As we're not rooted in the backbone of the tale, this makes those scenes in which the plot takes over mind-numbingly boring, as we are neither entirely sure what's going on, nor, if we think we do, do we really care what happens. And yet, we don't long for more explanation for such a tired premise, such that movie actually fares better when it chooses to ignore the plot altogether. I suppose I'm both criticizing the film for not explaining its plot, but also thankful it doesn't bother to try to give us more of it. In addition to the typical gross-out moments or the silly sexual shenanigans, there are also some uncomfortably brash scenes involving Max's mother's dementia, as well as a woefully out-of-place McGuffin surrounding the search for a cure for cancer. There are actual moments in which we're supposed to feel a certain pathos for at least one character who is afflicted, but it's difficult to feel anything at all when they're sandwiched in between moments involving David Spade getting Luis Guzman's testicle sweat in his face during a three-way sex scene, or in Adam Sandler trying to instill gay panic in the sadistic assassin who is about to sodomize him with a gear shift peppered with bits of broken glass.
The action scenes aren't especially presented in the most exciting of ways possible, which is forgivable in most comedies that have occasional shootouts or chases, but not as much in one that's encroaching already on two hours in length. Given how entertaining, even if only mildly, the scenes involving Max trying to get his old buddy Charlie out of his life rut, and how boring the film is once they do cross over to new identities and become instant targets, it's especially disappointing given that Sandler and company had the chance to make something better if he were to stick to his initial set-up about a second chance in life without mucking it up with a dumb thriller plot, and run with this mid-life crisis angle for the rest of the film. It's been done before, sure, but maybe only a tenth of the time as the kind of Hitchcockian plotting that The Do-Over ends up utilizing after the explosion literally destroys Sandler's yacht, and figuratively does his movie.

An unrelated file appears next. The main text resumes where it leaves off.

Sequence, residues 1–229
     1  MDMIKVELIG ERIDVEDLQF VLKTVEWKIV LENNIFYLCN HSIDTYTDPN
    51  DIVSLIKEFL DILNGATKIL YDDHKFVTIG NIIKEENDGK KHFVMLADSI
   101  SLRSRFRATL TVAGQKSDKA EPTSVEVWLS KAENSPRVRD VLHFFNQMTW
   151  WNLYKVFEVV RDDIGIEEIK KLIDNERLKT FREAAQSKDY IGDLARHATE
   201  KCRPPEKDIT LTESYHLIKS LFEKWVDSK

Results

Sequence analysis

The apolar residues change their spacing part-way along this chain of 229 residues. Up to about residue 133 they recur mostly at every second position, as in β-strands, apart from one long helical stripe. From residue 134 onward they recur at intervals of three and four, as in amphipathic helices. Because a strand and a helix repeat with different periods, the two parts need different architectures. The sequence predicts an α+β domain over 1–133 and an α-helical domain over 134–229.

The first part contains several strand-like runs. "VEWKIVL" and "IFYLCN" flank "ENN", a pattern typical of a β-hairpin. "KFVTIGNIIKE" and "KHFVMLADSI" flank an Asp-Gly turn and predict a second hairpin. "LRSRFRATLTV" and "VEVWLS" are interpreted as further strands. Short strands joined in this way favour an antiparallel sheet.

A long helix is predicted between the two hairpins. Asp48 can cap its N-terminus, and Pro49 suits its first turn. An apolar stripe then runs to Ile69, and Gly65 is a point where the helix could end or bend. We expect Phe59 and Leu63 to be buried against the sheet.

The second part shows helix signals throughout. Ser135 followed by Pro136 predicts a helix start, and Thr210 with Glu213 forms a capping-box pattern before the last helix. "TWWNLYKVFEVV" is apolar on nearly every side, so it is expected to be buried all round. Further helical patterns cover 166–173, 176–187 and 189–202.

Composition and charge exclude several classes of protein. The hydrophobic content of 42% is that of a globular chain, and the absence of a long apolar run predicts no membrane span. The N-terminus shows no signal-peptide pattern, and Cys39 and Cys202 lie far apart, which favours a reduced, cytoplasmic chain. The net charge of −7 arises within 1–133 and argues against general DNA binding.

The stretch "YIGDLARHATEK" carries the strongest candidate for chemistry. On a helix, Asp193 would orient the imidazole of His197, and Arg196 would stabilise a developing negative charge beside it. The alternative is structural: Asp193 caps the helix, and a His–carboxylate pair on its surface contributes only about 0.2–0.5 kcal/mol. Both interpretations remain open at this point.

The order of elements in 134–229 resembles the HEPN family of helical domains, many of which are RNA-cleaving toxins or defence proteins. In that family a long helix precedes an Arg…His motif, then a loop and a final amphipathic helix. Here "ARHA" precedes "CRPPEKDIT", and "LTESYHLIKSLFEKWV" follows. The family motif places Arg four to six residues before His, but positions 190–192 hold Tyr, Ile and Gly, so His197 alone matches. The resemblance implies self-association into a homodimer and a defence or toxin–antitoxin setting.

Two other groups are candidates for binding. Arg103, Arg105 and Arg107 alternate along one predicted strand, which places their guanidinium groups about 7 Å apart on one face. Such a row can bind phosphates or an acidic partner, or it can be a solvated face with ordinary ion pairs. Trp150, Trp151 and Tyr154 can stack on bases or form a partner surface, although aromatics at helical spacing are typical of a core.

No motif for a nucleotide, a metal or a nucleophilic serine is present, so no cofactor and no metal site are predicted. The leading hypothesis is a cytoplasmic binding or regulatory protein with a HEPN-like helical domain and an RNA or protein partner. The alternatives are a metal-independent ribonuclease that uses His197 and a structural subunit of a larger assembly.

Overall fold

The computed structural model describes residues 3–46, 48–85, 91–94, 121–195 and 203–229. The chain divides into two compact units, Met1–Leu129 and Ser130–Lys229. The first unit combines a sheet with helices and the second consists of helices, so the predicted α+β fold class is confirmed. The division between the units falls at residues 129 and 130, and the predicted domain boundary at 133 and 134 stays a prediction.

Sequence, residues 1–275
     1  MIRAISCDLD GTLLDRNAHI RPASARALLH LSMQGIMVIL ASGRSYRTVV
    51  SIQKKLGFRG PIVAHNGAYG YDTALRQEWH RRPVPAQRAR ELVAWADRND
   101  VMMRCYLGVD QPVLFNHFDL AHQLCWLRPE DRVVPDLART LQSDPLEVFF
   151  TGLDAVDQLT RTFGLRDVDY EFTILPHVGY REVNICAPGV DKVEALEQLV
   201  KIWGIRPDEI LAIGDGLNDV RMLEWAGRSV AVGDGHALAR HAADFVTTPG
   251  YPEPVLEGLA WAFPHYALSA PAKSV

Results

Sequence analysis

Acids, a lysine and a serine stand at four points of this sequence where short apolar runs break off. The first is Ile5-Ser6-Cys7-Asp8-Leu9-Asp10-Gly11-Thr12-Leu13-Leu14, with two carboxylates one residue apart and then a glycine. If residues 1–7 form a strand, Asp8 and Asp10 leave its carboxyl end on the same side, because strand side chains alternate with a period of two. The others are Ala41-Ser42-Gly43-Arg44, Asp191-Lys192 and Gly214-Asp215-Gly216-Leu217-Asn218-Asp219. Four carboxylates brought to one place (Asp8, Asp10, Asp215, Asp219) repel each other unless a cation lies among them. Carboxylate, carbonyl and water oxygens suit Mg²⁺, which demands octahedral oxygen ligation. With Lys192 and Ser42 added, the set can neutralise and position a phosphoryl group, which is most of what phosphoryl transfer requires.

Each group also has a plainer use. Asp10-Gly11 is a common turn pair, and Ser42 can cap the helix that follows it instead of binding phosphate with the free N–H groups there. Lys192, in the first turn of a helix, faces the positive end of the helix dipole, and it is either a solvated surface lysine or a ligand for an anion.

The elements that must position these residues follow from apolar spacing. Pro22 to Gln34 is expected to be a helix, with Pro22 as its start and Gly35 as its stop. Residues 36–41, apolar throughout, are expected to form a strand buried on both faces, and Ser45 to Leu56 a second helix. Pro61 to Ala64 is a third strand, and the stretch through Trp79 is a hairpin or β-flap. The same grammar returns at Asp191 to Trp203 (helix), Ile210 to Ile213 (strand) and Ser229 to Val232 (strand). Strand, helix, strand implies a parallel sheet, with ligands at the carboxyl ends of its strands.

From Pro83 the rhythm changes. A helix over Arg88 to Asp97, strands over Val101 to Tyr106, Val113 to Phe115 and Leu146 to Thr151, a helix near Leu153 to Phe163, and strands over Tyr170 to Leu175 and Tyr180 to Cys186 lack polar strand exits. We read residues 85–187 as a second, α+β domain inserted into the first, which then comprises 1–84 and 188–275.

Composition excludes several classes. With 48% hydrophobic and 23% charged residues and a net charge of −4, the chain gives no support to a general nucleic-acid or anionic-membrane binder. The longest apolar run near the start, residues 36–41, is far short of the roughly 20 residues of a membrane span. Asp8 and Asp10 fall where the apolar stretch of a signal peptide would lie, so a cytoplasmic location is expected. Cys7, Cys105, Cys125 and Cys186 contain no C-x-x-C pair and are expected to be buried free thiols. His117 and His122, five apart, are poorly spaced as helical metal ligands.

The best thing I can say for The Do-Over is that it does offer an occasional chuckle, mostly in the film's beginning, before the new-identity plot really kicks in. Some of the scenes set in Puerto Rico showcase the beauty of the island, as is typical of recent Sandler films, as he has readily admitted that he often chooses movies that double as vacations for him and his cronies. You'll yearn for the director to just continue showcasing the gorgeous locales of the Caribbean every time he cuts back to showing the sulking mugs of the main stars, especially as they truly have so very little humor to offer that they haven't done before, and what they do deliver ranks among some of the weakest in already spotty careers in film comedies. One can see why the stars chose this material, since it's about as stuck in the 1980s as they are. Perhaps it's time for the real-life Adam Sandler and David Spade to fake their deaths and live the rest of their lives on whatever tropical island they choose. No need for a 'do-over' -- just don't do any more of these.
©2016 Vince Leo